If Christ began his reign in the resurrection, and our life is hidden with Christ on high (Col. 3:3), then we are victors with him. Regardless of how we may feel, we are victorious in Christ. Today. Right now. My father used to keep an old Joe Namath quote on the inside flap of his Bible: “When you win, nothing hurts.” Of course, that’s demonstrably untrue, but you have to smile at the sentiment. Eternal victory burns beyond earthly sorrow. If your eyes are fixed on Christ, they’re fixed on your Captain and King, and his victory over death should take your breath away.
Suffering identifies us.
Because Christ’s reign began at the resurrection, we suffer with him (Phil. 3:10; 2 Cor. 4:7–10) not simply as a means of spiritual growth and Christ-conformity (Rom. 8:29), but as a means of identity for the church. In our brokenness, in our fragility, in our weakness, Christ’s resurrection power shines through. Put differently, “a fundamental aspect of the church’s existence is (to be) ‘suffering with Christ’; nothing, the New Testament teaches, is more basic to its identity than that.” When we suffer, we are reminded of who we are: jars of clay ready to break or burst for the life of God himself to pour out from us. In short, “the locus of Christ’s ascension-power is the suffering church.” That is cause for great hope, since much of the world is lost and drifting precisely because its identity is threatened by suffering. Ours isn’t. Our identity is confirmed by suffering.
Engagement is real.
Given the victory of Christ and his eschatological reign, do we throw our hands up and pull back from culture? By no means! The world needs the truth, because it’s been created and sustained by the God of truth. It can’t escape the healing it needs (and cannot get apart) from Christ. In the skeptical world, it’s often said that God is a crutch. My response:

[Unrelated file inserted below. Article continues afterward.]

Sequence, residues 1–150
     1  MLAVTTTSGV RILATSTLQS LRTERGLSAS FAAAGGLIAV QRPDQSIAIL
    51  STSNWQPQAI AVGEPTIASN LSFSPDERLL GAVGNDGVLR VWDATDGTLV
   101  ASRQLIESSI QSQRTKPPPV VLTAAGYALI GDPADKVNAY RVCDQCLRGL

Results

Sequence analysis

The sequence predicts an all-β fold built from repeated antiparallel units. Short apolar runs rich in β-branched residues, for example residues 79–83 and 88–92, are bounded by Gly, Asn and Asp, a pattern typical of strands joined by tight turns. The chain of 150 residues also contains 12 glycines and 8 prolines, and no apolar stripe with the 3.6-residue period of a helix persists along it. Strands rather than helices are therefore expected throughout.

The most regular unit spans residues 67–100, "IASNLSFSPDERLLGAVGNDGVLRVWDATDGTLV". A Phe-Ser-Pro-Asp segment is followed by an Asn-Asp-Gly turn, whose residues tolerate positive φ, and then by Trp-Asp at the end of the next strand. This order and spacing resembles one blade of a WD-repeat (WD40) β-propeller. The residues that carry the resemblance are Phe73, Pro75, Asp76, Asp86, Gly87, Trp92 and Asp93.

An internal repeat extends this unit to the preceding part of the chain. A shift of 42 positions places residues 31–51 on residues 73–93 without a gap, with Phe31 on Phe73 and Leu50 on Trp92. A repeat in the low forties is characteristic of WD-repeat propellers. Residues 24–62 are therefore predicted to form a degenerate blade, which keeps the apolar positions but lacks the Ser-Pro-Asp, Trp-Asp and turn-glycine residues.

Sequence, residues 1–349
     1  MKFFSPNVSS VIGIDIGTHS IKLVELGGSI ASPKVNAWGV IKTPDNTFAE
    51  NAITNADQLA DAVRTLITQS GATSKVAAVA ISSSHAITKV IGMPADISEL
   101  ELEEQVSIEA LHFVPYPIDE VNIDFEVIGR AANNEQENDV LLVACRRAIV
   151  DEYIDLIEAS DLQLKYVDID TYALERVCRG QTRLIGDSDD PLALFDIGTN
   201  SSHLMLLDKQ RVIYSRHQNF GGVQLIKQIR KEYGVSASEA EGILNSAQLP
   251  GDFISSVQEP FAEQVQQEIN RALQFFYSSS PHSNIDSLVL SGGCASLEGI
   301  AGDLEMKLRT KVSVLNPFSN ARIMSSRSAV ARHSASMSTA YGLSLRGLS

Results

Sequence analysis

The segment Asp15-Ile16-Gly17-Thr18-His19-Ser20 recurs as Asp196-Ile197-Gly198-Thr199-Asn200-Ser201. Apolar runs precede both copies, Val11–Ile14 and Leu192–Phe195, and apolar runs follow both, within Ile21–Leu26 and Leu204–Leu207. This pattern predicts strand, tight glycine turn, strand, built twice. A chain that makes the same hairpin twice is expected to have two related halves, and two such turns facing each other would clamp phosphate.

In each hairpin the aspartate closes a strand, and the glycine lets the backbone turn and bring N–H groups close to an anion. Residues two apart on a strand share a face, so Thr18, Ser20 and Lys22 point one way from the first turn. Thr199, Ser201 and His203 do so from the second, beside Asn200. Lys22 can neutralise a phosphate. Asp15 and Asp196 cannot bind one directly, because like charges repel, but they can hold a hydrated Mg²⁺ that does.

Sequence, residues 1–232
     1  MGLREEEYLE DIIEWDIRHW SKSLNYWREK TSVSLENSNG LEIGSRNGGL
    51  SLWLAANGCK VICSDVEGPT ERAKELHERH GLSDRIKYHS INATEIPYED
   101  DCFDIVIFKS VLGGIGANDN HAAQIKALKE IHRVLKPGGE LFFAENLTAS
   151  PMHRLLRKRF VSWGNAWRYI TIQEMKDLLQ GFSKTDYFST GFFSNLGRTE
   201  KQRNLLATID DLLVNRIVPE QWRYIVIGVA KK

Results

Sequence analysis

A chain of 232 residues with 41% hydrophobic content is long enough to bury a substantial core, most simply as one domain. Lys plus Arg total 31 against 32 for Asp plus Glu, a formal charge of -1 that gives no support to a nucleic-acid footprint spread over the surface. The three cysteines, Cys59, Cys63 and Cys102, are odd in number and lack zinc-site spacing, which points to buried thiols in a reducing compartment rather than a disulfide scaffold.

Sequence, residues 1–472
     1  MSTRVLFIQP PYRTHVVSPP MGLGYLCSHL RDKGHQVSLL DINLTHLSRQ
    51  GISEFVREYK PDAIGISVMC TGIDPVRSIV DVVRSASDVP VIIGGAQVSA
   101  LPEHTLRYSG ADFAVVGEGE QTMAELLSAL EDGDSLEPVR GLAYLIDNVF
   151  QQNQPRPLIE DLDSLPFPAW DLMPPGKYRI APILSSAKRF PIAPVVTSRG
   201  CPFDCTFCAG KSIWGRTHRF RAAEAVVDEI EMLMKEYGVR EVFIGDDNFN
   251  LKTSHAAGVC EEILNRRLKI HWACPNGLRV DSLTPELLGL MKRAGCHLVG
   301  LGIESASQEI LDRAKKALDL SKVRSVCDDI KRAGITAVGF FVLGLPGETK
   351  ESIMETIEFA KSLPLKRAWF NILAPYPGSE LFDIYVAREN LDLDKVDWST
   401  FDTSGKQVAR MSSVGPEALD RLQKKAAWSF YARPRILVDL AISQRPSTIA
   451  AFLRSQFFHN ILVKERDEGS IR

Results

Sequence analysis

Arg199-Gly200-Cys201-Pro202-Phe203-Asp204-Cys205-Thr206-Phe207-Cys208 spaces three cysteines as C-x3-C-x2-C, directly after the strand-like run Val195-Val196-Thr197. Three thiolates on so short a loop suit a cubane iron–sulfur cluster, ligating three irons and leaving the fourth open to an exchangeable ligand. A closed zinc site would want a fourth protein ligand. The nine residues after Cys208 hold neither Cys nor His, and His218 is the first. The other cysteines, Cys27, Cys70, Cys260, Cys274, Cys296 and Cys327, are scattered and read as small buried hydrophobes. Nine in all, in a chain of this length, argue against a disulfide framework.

Yes. Indeed he is.
And a splint.
And a wheelchair.
And a physician.
And the cure.
And we’re all terminal.
The world needs Christian engagement, but not on its own terms. The world wants its own culture restored, a fleshly culture; it doesn’t want its culture replaced by a God-centered one. And that’s critical for the church to understand. In reflecting on the book of Hebrews, Gaffin notes,
The writer of Hebrews operates with a simple enough eschatological profile: the bodily absence of Christ means the church’s wilderness existence, his bodily presence, its entrance into God’s final rest. What he must confront in his readers is a perennial problem for the church, a primal temptation bound up with its wilderness existence: the veiledness, for the present, of messianic glory and the believer’s eschatological triumph; “at present we do not yet see everything subject to him” (Heb. 2:8), with the longing as well as the promise that “at present” holds for the church. All of us, then, are involved in a continuing struggle—against our deeply rooted eschatological impatience to tear away that veil and our undue haste to be out of the wilderness and see the realization of what, just because of that haste and impatience, will inevitably prove to be dreams and aspirations that are ill-considered and all too “fleshly.”